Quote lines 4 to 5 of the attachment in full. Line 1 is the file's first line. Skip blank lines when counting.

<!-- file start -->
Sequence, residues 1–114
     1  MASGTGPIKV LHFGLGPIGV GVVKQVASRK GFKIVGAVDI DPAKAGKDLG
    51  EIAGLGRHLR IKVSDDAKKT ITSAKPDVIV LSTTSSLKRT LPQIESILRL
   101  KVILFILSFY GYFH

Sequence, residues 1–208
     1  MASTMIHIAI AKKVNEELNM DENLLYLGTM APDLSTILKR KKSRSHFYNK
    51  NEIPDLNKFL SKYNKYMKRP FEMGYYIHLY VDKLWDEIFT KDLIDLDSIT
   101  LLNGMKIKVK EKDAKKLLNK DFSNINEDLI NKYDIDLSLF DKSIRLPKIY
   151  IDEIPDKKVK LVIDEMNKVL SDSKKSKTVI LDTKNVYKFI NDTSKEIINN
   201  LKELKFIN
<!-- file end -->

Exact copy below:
   101  KVILFILSFY GYFH

Sequence, residues 1–208